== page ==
Every spring millions of Americans make the near-ultimate sacrifice for a loved one. Facing often mind-numbing torture, devoted friends and family prove their unconditional devotion by attending a college graduation ceremony.
The essence of graduation is the conferring by an institution, and the reception by a student, of a diploma. This supposedly guarantees that said individual “is worthy of the degree for which he/she is presented.” Unfortunately the lords of “these hallowed halls” have taken advantage of the hostage-like circumstances in which graduates and their guests find themselves and purposely place diploma distribution at the very end of the festivities.
Sadistically transforming the whole business into “Academy Awards for Smart People,” deans, chairs, and others clad in the trappings of antiquity first bestow upon one another honorary degrees and the wherewithal to enlarge mothy hood collections.
The apex of agony, though there have been memorable exceptions, is usually the commencement address, final words of wisdom imparted after the president of the alumni association welcomes the graduates into the ranks of donors-in-perpetuum.
The commencement speech should honor the accomplishments of those completing their education and impart succinct advice for navigating the world they are about to enter as true adults.
Northwestern University’s 2012 ceremony was a welcome departure from the usually bleak norm. Students devoid of cynicism, pithy Dean “Morty” Schapiro — whose well-earned status among students borders on that of a rock-star — and a dearth of superfluous awards succeeded in rendering the event pleasant.
In spite of this, several addresses offered perfect illustrations of what NOT to do when giving a commencement speech. Remember them. Avoid using them the next time you are called upon to send thousands of America’s best educated young men and women into the real world. Or pass some fun time scouting for them the next time you have to prove your love by attending graduation.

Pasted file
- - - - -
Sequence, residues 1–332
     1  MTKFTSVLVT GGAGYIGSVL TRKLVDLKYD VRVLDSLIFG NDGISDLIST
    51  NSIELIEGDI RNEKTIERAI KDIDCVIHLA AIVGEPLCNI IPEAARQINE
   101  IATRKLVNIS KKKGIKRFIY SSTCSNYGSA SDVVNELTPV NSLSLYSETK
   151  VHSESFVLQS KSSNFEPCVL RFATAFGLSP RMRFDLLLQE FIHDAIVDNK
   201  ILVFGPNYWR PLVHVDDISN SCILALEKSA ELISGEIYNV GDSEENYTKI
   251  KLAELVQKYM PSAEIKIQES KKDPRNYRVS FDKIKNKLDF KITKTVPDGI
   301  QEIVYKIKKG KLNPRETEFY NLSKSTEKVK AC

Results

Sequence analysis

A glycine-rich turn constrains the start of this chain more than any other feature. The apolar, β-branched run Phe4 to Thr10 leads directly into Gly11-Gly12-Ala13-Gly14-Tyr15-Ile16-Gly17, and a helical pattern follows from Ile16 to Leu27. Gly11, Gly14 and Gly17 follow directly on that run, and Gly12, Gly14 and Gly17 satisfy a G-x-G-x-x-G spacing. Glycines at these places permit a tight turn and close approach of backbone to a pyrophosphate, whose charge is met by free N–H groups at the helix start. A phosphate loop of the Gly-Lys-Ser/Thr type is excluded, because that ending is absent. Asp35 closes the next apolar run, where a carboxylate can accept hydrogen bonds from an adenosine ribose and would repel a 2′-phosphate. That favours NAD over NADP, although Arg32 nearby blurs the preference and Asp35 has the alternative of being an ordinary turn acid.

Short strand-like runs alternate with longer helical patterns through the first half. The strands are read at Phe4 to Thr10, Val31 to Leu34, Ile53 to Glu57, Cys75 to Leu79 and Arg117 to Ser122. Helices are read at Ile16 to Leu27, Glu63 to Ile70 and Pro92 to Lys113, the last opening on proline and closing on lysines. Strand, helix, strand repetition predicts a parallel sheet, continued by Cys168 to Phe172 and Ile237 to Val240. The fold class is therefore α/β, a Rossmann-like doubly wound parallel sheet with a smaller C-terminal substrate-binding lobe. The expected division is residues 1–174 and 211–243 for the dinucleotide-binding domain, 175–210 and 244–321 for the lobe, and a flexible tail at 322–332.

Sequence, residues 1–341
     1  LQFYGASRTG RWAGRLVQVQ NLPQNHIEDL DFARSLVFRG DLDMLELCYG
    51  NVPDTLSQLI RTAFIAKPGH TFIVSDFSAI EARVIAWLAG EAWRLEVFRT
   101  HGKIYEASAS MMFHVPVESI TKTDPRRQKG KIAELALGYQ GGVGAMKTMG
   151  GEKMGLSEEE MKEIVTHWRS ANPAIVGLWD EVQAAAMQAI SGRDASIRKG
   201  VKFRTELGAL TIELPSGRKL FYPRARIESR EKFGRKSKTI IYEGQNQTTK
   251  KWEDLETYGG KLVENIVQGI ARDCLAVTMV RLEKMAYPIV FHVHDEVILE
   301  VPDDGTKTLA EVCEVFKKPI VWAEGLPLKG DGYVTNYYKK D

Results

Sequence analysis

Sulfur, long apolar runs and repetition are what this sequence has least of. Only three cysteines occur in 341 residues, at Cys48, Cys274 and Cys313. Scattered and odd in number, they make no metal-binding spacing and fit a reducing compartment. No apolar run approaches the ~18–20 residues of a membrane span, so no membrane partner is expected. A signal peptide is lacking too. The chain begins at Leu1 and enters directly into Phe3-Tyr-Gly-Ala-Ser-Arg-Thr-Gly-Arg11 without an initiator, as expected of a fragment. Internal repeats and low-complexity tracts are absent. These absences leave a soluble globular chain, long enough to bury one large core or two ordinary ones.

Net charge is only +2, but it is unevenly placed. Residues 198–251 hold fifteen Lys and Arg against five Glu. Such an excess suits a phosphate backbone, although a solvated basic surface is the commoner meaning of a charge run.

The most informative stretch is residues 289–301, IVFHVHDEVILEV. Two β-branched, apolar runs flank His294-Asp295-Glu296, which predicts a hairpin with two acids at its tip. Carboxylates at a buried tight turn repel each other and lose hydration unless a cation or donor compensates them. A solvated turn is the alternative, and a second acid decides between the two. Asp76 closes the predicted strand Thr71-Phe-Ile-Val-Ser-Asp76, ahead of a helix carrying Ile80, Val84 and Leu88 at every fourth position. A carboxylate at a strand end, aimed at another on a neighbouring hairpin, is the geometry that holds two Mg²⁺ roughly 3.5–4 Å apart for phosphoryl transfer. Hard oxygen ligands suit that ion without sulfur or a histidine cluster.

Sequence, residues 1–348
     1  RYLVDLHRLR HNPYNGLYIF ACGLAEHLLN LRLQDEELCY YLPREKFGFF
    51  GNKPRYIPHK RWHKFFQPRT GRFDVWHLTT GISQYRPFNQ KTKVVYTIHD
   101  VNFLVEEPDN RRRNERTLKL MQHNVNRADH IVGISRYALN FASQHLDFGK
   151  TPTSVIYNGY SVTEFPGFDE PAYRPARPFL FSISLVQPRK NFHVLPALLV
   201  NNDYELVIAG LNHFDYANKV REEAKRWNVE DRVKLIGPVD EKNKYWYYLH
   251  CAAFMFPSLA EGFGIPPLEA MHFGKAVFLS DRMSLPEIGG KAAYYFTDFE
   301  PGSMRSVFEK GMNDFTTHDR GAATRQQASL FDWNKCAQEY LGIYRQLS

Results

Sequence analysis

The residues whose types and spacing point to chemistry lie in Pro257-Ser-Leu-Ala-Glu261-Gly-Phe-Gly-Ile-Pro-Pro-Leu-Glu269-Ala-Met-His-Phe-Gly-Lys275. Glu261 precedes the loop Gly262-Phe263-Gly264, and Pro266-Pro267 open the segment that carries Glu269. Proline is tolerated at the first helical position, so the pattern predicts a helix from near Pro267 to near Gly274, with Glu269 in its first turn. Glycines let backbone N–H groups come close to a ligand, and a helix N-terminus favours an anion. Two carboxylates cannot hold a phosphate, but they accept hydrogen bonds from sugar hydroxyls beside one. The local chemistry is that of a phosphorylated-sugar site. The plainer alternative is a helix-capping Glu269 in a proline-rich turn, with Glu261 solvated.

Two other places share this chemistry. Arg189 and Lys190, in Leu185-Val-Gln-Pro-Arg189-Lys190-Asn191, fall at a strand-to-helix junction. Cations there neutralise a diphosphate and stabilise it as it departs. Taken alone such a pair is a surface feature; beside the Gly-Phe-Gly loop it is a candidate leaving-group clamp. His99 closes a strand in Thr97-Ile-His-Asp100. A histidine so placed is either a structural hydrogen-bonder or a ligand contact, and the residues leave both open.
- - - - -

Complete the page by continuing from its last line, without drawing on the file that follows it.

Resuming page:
5. Use, in any capacity or form whatsoever, the expression “change the world”
Yes, it really happened. Not a kindergartner filling out the “What I Want to Do When I Grow Up” form, but a world-renowned physician actually employed the exhausted derivative of the middle-Paleolithic cliche “take on world hunger.” Another speaker fell from linguistic grace by reassuring students that she did not expect them to “change the world.” Oddly, this reassurance failed to elicit audible sighs of relief, almost as if none of the students were laboring under the impression that universal salvation would figure in their future job descriptions.
This is not to say that students should approach life in a selfish way or eschew the desire to better the society in which they live. What is objectionable is resorting to tired platitudes devoid of actual substance. If $200,000 worth of history teaches students anything, it is that most people who set out to “change the world” usually exterminate large portions of its inhabitants. Substantive role models, those who ought to be presented in place of vague ideals, are those who set out to better themselves, improving the lives of those with whom they come in contact by developing their own talents. Broad improvement in society is almost always the consequence of taking personal responsibility for what is at hand. Speakers should focus on specific objectives: ennoble yourself, strengthen your family, contribute to your neighborhood. Borrowing from Bill Walsh, the “god” of football coaches:
Strive for the standard of perfection, the score — in this case, the world — will take care of itself.
4. Speak about yourself for more than three minutes
A commencement speaker should refer to himself or herself only for as long as is needed to establish credibility. Brief anecdotes that illustrate the key message are also tolerable. When introduction morphs into autobiographical dissertation, students respond with the merited verdict; they yawn, then they text.
The distinguished speaker invited to address this year’s seniors could hardly be accused of lacking a captivating story. Humanitarian physician, he helped build one of the largest hospitals in Haiti. The audience greeted him with initial enthusiasm but lapsed into palpable frustration when, instead of converting his adventures into useful advice, he meandered through detailed intricacies of battles with local and global healthcare bureaucracy. Even in the last three minutes of the speech, when he finally reached out to a now mentally disengaged student body, the doctor managed to include the name of the organization he founded, Partners in Health, in the “take-home message”:
All your successes in life depend on partnership.
One student summed up the speech as “a humble brag.” The graduating class felt used for what was perceived in final analysis as a sales pitch.